(13.) Gandini R, MariscottiC, Cunietti E. [Ileo-cecal malignant carcinoid tumor with orbital metastases as initial symptoms. Anatomo-clinical study]. Minerva Med 1979;70:919-24.

(14.) Harris AL, Montgomery A. Orbital carcinoid tumor [letter]. Am J Ophthalmol 1980;90:875-7.

(15.) Rush JA, Waller RR, Campbell RJ. Orbital carcinoid tumor metastatic from the colon. Am J Ophthalmol 1980;89:636-40.

(16.) Divine RD, Anderson RL, Ossoinig KC. Metastatic carcinoid unresponsive to radiation therapy presenting as a lacrimal fossa mass. Ophthalmology 1982;89:516-20.

(17.) Krohel GB, Perry S, Hepler RS. Acute hypertension with orbital carcinoid tumor. Arch Ophthalmol 1982;100:106-8.

(18.) Riddle PJ, Font RL, Zimmerman LE. Carcinoid tumors of the eye and orbit. A clinicopathologic study of 15 cases, with histochemical and electron microscopic observations. Hum Pathol 1982;13: 459-69.

(19.) Shields CL, Shields JA, Eagle RC, et al. Orbital metastasis from a carcinoid tumor: Computed tomography, magnetic resonance imaging, and electron microscopic findings. Arch Ophthalmol 1987; 105:968-71.

(20.) Shetlar DJ, Font RL, Ordonez N, et al. A clinicopathologic study of three carcinoid tumors metastatic to the orbit. Immunohistochemical, ultrastructural, and DNA flow cytometric studies. Ophthalmology 1990;97:257-64.

(21.) Fan JT, Buettner H, Bartley GB, Boiling JP. Clinical features and treatment of seven patients with carcinoid tumor metastatic to the eye and orbit. Am J Ophthalmol 1995;119:211-18.

(22.) Isidori AM, Kaltsas G, Frajese V, et al. Ocular metastases secondary to carcinoid tumors: The utility of imaging with [(123)I]meta-iodobenzylguanidine and [(111)In]DTPA pentetreotide. J Clin Endocrinol Metab 2002;87:1627-33.

(23.) Takemoto Y, Nishida N, Kojiro S, et al. Metastatic carcinoid tumor in the orbit. Kurume Med J 2003;50:165-7.

(24.) Shorr N, Baylis HI, Goldberg RA, Perry JD. Transcaruncular approach to the medial orbit and orbital apex. Ophthalmology 2000; 107:1459-63.

(25.) Moertel CG, Sauer WG, Dockerty MB, Baggenstoss AH. Life history of the carcinoid tumor of the small intestine. Cancer 1961;14: 901-12.

(26.)Kuiper DH, Gracie WA Jr., Pollard HM. Twenty years of gastro-intestinal carcinoids. Cancer 1970;25:1424-30.

Roland Z. Gerencer, MD; Uresh Patel, MD; Charles Hunter, MD; J. Timothy Heffernan, MD

From New Mexico Ear, Nose, and Throat Specialists, PC, Albuquerque (Dr. Gerencer); Seattle Radiologists, PC (Dr. Patel); Washington Pathology Consultants, PS, Seattle (Dr. Hunter); and Eye Associates Northwest, PC, Seattle (Dr. Heffernan).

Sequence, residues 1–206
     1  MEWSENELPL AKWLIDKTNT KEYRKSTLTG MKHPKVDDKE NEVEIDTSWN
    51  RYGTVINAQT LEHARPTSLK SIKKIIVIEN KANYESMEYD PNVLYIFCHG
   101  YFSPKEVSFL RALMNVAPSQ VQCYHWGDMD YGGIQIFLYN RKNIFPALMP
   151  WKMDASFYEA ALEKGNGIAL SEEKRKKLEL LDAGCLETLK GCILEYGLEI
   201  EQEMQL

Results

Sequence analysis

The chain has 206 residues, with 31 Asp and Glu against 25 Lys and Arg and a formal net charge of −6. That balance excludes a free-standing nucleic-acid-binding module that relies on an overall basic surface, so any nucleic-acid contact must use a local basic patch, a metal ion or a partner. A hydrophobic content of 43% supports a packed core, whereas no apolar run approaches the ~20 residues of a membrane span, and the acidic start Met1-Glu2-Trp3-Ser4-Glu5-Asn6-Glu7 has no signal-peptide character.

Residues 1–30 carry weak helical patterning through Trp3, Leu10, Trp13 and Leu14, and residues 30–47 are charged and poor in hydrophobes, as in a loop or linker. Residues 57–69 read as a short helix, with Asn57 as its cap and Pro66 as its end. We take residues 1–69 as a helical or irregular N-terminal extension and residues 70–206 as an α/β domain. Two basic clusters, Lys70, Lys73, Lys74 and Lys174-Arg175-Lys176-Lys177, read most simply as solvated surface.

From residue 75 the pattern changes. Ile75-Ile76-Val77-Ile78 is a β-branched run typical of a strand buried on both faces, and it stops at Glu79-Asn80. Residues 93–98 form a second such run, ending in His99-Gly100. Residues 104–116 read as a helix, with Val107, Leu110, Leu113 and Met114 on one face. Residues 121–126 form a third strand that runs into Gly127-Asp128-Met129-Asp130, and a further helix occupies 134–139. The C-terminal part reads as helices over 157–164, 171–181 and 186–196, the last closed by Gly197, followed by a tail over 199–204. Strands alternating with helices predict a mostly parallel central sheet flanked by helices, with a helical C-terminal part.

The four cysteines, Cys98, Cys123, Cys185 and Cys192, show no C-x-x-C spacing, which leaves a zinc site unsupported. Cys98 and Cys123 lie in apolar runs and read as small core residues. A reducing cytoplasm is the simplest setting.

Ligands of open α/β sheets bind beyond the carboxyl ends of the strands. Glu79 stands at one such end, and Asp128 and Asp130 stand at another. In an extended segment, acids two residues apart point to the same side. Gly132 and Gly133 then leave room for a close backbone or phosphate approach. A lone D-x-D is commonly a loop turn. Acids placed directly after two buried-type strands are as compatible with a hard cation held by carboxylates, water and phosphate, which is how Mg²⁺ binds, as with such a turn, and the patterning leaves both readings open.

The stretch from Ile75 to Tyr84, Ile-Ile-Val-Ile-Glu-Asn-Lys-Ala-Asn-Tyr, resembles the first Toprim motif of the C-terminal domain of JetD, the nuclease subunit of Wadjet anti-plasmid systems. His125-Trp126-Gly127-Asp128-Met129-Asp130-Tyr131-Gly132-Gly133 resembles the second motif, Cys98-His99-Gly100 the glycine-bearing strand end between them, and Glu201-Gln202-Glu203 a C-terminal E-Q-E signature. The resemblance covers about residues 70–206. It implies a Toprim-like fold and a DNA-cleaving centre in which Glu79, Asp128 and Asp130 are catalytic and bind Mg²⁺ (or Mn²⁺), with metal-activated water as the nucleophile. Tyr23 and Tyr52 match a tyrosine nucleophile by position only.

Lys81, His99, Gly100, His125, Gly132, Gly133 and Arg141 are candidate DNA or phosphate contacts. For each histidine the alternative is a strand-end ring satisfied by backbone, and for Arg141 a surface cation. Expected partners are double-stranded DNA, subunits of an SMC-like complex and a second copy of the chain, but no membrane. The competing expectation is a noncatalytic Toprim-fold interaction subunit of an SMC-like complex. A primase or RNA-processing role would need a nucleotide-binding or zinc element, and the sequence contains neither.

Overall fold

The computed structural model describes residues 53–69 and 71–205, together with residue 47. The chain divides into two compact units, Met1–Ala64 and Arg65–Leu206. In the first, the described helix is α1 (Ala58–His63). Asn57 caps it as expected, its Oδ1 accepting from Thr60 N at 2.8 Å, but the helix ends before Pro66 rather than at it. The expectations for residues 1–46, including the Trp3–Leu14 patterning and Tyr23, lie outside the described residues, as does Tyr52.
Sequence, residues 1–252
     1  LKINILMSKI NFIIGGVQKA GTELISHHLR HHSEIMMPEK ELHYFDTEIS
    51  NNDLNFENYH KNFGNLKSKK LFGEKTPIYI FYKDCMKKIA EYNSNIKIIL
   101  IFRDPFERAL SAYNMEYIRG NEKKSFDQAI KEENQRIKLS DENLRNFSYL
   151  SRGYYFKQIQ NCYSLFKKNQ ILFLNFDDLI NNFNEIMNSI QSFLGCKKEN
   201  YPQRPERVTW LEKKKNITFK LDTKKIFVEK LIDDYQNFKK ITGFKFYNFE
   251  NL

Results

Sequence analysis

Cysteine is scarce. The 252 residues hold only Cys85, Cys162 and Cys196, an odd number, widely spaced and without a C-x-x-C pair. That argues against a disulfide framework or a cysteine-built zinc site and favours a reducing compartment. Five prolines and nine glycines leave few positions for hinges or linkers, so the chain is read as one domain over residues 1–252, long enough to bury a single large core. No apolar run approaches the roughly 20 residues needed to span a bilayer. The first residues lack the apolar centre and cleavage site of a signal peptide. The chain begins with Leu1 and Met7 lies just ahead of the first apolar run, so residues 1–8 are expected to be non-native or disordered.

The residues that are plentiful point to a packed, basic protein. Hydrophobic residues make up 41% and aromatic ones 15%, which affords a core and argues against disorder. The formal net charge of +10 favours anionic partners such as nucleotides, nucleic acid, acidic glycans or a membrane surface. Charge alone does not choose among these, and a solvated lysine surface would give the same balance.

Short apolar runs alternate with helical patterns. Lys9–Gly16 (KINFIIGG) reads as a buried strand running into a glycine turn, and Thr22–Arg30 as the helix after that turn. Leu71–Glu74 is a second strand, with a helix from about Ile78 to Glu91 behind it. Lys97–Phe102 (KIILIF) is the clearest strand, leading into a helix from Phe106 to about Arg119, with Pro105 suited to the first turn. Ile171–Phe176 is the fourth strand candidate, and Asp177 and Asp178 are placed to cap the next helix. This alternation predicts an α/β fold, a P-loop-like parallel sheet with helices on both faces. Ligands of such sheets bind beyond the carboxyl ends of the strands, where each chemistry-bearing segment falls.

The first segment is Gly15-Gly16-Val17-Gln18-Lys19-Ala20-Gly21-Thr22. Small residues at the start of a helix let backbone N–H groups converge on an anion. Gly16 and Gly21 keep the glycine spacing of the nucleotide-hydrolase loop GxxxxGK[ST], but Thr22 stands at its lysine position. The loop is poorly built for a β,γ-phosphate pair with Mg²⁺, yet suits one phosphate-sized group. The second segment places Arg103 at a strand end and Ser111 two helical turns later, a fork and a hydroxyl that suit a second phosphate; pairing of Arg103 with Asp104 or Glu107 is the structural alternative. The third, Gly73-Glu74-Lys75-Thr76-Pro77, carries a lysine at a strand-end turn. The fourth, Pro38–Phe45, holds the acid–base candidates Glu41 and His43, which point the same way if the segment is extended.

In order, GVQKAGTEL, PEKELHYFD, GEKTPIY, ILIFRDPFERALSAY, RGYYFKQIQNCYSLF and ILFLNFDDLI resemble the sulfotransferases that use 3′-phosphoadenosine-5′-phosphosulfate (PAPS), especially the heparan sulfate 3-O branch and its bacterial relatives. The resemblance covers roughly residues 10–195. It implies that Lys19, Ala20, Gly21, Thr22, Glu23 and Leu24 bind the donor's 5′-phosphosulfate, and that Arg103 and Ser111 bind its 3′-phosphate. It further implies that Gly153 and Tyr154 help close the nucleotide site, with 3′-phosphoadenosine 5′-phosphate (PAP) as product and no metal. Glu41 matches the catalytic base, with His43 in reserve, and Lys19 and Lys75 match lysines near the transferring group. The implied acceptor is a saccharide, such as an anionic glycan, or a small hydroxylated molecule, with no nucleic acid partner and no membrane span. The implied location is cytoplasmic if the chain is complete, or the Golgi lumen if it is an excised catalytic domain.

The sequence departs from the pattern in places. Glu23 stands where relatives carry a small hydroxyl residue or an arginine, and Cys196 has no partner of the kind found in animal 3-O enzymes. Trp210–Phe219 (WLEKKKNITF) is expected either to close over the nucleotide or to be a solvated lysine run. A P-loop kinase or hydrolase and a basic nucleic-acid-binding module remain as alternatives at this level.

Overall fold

Reprint requests: Roland Z. Gerencer, MD, New Mexico Ear, Nose, and Throat Specialists, PC, 401 Edith Blvd., N.E., Suite 210, Albuquerque, NM 87102. Phone: (505) 243-8030; fax: (505) 842-1158; e-mail: snot.doc@comcast.net
Table. Carcinoid tumors metastatic to the orbit: Summary of reported
cases

Author Specific location Treatment Outcome

Honrubia et al, Not specified Surgery A/W @ 2 yr
(10) 1971

Font and Ferry, Inferior rectus Enucleation Died of tumor
(11) 1976 muscle @ 11 yr

Fishman and Optic nerve Biopsy Died of tumor
Rosenthal, @ 4 wk
(12) 1976

Gandini et al, Bilateral Biopsy Died of tumor
(13) 1979 metastases @ 3 yr

Harris and Inferior rectus Radiotherapy Died of tumor
Montgomery, muscle @ 2 yr
(14) 1980

Rush et al, Superior and Radiotherapy A/W @ 12 mo
(15) 1980 inferior rectus
 muscles

Divine et al, Lacrimal fossa Radiotherapy Died of tumor
(16) 1982 @ 6 mo

Krohel et al, Bilateral Surgery and A/W @ 12 mo
(17) 1982 metastases chemotherapy

Riddle et al, Inferior rectus Enucleation Died of tumor
(18) 1982 muscle @ 9 yr
 Not specified Enucleation Died of CAD
 @ 4 yr
 Not specified Enucleation A/W @ 4 mo
 Not specified Surgery Died of tumor
 @ 4 yr
 Not specified Biopsy Died of tumor
 @ 2 yr
 Not specified Biopsy Lost to
 follow-up
Shields et al, Superior rectus Surgery A/W @ 7 mo
(19) 1987 muscle

Shetlar et al, Inferior rectus Surgery Died of tumor
(20) 1990 muscle @ 5 mo
 Not specified Surgery A/W @ 7.5 yr
 Not specified Surgery A/W @ 12 mo

Fan et al, Not specified Radiotherapy Died of tumor
(21) 1995 @ 6 mo
 Not specified Radiotherapy Died of tumor
 and @ 2 yr
 chemotherapy

 Superior rectus Chemotherapy Died of tumor
 muscle @ 2 yr

Wein et al, Medial and Surgery, A/W @ 4 mo
(9) 1999 inferior rectus radiotherapy,
 muscles and
 chemotherapy

Couch et al, Superior rectus Surgery A/W @ 2 yr
(7) 2000 muscle
 Medial rectus Surgery and Died of tumor
 muscle radiotherapy @ 14 yr

Isidori et al, Not specified Radiotherapy A/W @ 1.5 yr
(22) 2002

Takemoto et al, Superior orbit Surgery Lost to
(23) 2003 follow-up

Gerencer et al, Medial rectus Surgery, A/W @ 2 yr
* 2007 muscle radiotherapy,
 and
 chemotherapy

* Present case.

Key: A/W = alive and well: CAD = coronary artery disease.
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Author:Heffernan, J. Timothy
Publication:Ear, Nose and Throat Journal
Article Type:Disease/Disorder overview
Date:Mar 1, 2007
Words:2834